Building reddit-frontpage-proof websites?

Rick Falkvinge’s website recently frontpaged reddit.

Actually, in the default setup, he had three articles, (#16, #22, #24), which, as he says, is a record for him.

Why is this a big deal? Well with reddit being Alexa-ranked 133 and getting about 8.7 million visitors every day, being on the front page 3 times at once, means you’re going to get a lot of traffic in a relatively short space of time. Think of 3 phone numbers being read out concurrently on 3 TV stations that all point to the same call centre – that’s

This is pretty much a nightmare scenario to prepare for from a systems administration point of view as you have to prepare for lots of traffic in a short window of time. In addition, with social media, you don’t have the foggiest clue how popular something is going to be – something posted to reddit is much more likely not to generate much traffic or a smallish amount of traffic than it is to cripple your webserver, so you actually need to be constantly prepared for lots of traffic in a short window of time.

Stats for the 24 hours when I had 3 articles on Reddit’s front: 421 gigs of data served, 21.7M HTTP requests, peak 630 reqs/sec


Rick has a somewhat customised WordPress setup with the W3 Total Cache plugin on the latest version of Ubuntu, probably definitely with Apache from what I can tell. It’s anyone’s best guess what hardware it’s running on (UPDATE: this is the hardware he’s running). Fairly standard as far as I can see – it’s mainly static content and not outrageously interactive or personalised. There are some images, but they don’t form the main part of the site.

Again, I could not have survived that traffic peak without @CloudFlare (see previous tweet)


Rick’s solution to the problem is to the “cloud” Infrastructure-As-A-Service provider Cloudflare, which is essentially is a caching reverse proxy/CDN combined with a Distributed DNS service. What this means in practice is that they’re able to use Cloudflare to handle these unexpected large peaks in traffic without changing their infrastructure.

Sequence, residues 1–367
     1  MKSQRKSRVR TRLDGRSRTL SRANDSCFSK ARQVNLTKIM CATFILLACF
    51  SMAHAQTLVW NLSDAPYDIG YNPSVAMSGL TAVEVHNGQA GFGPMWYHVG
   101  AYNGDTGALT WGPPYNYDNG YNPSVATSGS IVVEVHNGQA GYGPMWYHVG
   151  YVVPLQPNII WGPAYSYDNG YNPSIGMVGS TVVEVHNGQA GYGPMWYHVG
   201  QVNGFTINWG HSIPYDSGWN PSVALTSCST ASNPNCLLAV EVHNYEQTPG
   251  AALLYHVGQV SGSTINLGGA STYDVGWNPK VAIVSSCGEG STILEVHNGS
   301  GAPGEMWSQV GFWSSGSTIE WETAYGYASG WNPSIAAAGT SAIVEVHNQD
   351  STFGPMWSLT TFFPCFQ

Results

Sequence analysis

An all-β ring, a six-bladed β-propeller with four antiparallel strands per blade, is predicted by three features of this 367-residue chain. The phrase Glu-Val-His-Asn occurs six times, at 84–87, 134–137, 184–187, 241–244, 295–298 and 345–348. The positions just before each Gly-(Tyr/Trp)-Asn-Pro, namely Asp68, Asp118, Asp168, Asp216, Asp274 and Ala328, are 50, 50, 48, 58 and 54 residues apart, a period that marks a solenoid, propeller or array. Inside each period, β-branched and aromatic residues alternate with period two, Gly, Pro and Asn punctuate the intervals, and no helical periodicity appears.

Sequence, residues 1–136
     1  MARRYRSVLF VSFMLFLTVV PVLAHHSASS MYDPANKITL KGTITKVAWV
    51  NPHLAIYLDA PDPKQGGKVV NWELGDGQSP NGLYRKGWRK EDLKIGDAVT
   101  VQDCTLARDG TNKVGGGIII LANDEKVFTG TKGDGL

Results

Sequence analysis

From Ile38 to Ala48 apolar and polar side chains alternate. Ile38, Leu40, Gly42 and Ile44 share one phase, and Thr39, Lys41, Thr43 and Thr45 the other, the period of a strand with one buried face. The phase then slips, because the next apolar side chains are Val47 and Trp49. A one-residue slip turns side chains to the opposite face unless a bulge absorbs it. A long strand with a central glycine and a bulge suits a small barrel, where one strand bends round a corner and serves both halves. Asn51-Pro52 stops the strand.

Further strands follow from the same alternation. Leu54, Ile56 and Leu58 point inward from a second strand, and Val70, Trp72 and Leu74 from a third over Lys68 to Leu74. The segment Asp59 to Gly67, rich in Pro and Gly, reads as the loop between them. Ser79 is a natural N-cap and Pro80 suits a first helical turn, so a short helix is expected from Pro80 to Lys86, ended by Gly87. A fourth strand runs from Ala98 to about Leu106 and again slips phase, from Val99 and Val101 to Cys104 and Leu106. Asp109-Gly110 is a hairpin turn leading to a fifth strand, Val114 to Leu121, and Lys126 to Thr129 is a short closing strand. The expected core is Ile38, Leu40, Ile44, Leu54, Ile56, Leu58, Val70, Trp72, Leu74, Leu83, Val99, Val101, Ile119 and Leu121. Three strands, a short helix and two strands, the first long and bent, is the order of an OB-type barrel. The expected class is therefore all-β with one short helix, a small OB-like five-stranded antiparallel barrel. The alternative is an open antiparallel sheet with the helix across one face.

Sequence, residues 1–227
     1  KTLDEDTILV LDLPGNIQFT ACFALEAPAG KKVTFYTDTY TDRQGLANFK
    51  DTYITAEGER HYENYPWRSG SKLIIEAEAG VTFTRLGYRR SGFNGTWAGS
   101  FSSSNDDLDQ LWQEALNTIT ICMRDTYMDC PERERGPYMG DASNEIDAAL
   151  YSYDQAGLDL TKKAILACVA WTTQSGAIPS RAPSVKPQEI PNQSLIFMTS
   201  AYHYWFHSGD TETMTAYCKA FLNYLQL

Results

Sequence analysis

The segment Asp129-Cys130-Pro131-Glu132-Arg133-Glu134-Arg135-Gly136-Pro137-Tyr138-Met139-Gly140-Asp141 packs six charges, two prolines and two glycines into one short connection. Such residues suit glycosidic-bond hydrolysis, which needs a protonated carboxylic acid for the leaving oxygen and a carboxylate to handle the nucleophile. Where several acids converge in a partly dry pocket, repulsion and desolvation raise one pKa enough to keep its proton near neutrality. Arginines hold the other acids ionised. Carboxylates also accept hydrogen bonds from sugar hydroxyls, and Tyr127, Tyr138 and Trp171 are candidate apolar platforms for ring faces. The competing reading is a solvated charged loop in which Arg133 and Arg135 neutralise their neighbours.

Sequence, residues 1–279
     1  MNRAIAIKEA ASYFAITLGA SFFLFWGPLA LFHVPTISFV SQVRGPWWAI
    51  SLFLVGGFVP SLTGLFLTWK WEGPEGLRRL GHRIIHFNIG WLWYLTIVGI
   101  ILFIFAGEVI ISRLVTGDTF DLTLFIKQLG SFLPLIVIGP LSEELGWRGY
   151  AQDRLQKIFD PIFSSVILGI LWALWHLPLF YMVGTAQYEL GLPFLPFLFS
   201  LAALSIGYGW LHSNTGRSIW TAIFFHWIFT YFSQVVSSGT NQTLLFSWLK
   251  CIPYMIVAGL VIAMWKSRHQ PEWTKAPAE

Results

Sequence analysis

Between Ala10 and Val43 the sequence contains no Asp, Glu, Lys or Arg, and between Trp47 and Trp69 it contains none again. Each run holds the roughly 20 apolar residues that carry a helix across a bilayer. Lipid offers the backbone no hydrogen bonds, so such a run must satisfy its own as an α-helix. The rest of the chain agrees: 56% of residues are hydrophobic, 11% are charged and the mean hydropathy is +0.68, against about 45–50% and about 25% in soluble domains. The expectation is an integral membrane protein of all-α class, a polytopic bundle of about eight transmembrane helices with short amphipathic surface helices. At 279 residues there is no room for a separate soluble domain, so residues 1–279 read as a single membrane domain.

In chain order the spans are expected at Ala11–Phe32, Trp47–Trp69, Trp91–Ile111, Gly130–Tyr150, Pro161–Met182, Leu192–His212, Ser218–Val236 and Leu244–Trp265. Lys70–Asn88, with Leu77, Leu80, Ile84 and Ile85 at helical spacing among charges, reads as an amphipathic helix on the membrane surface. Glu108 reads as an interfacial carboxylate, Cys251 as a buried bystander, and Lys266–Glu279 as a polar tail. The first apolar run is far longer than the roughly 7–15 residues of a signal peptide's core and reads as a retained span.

Using a blackbox called Cloudflare to scale one’s website is all very well, but doesn’t suit everyone and presents an interesting sysadmin challenge:

How would you build a setup for a simple-ish WordPress instance, like Rick’s, to cope with the levels of traffic he mentions?

3 thoughts on “Building reddit-frontpage-proof websites?

  1. A few obvious things:

    Clearly bandwidth, as impressive as 500GiB in 24 hours sounds, isn’t going to be an issue. Assuming his server has at least a 100Mb/s uplink, it should be able to cope fine. If his hosting company was likely to cut him off if he used all his bandwidth limit or would be unable to cope with traffic levels like this, then he probably shouldn’t be using them.

    He is going to want something caching web-pages – varnish or nginx are obvious choices but not the only ones by any means. These need tuning and testing. If he can push these caches to RAM/fast storage as much as possible, he should get better performance.

    Getting the cache expiration so comments appear in real time-ish is a little bit trickier, but not at all impossible. Mainly I guess there’d be a lot of testing, benchmarking, looking for bottlenecks and removing them.

  2. Just filling in with the hardware:

    My server is standing at home on a 100 Mbit/s connection (on the balcony, actually — the winter serves well to cool it right now). Hardware-wise, it is an old 2-by-2 Opteron server (dual cores, two processors) with 6 gigs of memory running 64-bit Ubuntu 11.10. And yes, it runs Apache.

    The stories floated up and down on the front page over the day, by the way; one peaked at #2, another around #10, and I don’t know if the third hit top, but I saw it at #4, at least. At one time, they were all on the front page simultaneously.


Leave a Reply

Your email address will not be published. Required fields are marked *

You may use these HTML tags and attributes: <a href="" title=""> <abbr title=""> <acronym title=""> <b> <blockquote cite=""> <cite> <code> <del datetime=""> <em> <i> <q cite=""> <strike> <strong>